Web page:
made $8.6M in ticket sales in the ALCS
    and are guaranteed about $15M in ticket sales for the World Series.

    Right there, thiat’s nearly $66M. Add in the other profits from the games, the money from licensing all the stuff that people seem to be buying in droves…

    and the Tigers’ success due to the signings is pretty much paid for this year and a couple of others.

  11. Kurt

    October 18, 2006 at 12:34 pm

    *economic survey from last month

  12. Lou

    October 18, 2006 at 2:09 pm

    Yeah, you guys hit it on the head. The Maggs signing was a good idea due to 1) the injury clauses, 2) the lack of better organizational options at the time, and 3) the message that was sent by that contract. The message it sent dependened on who you were. To the current players it was two-fold: 1) produce or we’ll replace you with a free agent and 2) we’re bringing in some help so that your efforts to win won’t be wasted. To the opposition it was: We are serious about winning now. To the fans it was: We are serious about winning now, please come support us (and help us pay for this contract). Given all those factors I think the Maggs signing was a great signing.

  13. Nate A

    October 18, 2006 at 3:04 pm

    Marshal, in response to your question I’m not overly worried about either team. However, I think the Met’s are the weaker team right now.

    Their starting pitching is completely banged up(We’ll see if Hernandez makes it back for WS) and the bullpen has been run ragged. They’ve got a few good hitters, but overall I’m not impressed(nor with the order of their lineup). And how is Jose Valentin still playing the infield regularly and so well at his age?

    The Cards have OK starting pitching, and an OK pen which has also been worked hard in the current series. But their lineup is more formidable. Edmons and Pujols scare me a little bit, even injured. Eckstein is pesky, Spezio is hitting in key spots this postseason, and you can’t overlook Juan Encarcion or Scott Rolen. They’ve got a fairly deep bench too(unlike the Mets), which will help them in the DH games.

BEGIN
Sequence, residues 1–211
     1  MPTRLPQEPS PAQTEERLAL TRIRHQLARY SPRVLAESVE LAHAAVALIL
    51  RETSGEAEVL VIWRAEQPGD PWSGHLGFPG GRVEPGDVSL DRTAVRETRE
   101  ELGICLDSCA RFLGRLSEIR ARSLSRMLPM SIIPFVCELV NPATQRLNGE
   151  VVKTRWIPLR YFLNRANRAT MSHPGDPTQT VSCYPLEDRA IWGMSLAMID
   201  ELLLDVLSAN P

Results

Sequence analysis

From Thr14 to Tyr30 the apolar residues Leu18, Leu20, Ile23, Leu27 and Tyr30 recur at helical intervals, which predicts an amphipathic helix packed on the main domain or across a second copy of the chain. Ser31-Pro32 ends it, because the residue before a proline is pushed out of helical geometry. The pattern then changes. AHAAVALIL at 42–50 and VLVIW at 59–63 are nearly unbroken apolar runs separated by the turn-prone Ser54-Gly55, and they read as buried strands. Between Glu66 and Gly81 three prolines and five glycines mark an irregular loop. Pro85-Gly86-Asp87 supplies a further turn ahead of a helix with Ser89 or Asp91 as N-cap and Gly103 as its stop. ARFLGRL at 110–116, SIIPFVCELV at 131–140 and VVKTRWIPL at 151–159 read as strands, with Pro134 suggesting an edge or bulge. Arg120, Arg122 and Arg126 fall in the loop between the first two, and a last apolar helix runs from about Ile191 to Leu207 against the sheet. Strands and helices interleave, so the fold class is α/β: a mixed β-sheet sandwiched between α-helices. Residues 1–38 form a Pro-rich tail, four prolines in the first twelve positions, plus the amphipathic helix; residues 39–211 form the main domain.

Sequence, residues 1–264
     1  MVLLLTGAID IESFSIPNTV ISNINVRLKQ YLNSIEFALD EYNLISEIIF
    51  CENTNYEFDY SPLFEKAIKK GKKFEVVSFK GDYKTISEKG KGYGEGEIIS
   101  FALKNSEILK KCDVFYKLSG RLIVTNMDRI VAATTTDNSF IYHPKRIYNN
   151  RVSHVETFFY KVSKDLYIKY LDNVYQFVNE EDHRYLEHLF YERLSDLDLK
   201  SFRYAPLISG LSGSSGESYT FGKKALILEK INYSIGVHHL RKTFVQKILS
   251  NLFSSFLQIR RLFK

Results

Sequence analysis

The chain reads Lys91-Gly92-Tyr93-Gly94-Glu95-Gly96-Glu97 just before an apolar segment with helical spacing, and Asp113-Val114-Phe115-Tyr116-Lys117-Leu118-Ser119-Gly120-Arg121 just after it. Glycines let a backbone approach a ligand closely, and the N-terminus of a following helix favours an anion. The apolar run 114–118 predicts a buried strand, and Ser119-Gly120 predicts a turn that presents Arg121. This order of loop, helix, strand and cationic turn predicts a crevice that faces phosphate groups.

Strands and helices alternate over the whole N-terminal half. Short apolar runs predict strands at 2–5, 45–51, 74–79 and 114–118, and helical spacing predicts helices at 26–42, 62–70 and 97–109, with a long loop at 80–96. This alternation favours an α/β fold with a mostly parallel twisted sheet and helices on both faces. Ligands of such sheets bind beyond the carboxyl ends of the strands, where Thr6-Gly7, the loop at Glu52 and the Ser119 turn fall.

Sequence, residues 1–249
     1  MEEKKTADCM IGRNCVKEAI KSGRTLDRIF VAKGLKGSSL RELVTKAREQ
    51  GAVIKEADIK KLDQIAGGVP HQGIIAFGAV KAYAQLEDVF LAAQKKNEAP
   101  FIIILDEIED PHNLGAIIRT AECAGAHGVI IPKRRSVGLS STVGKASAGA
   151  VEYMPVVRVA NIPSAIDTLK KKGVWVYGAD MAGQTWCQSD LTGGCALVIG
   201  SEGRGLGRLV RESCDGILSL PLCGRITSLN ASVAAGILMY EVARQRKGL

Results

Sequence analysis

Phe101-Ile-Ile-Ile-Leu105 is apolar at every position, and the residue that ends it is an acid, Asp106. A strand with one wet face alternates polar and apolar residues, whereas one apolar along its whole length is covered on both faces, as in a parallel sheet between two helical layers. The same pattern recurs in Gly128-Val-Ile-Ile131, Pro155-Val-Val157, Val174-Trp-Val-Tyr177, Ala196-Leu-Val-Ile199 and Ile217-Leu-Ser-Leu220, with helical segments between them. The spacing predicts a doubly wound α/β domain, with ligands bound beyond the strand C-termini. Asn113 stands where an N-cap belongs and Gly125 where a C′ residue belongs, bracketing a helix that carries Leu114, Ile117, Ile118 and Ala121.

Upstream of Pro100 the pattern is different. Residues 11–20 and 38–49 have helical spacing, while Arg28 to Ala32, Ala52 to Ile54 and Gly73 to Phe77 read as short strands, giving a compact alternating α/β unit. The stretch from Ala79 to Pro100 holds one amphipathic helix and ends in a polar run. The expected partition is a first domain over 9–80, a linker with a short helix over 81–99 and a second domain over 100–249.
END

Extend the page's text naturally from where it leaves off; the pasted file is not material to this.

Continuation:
I’m curious to know the Tigs planned rotations for either team. The Tigs website says all but 1 of the starters are taking lots of batting practice this week. Can we assume Rogers will be kept at home again this series for games 2 and 6? I wouldn’t mind a rotation reversal from last series: Bonderman/Rogers/Verlander/Robertson keeping the lefties and the fireballers split as usual. The Cards have hit better against lefties this post-season, while the Mets have done better against righties. But knowing Leyland, that probably wont figure much into his calculations anyway.

  14. Bob S.

    October 18, 2006 at 5:28 pm

    I sure hope the Tigers don’t go into the Series suffering from your guys over-confidence.Pujols scares you “a little bit”?

  15. Marshall in DC

    October 19, 2006 at 1:19 pm

    Thanks Nate – I haven’t been watching the NLCS. However – The Cards seem like a scrappy team and frankly that is the type of team that concerns me.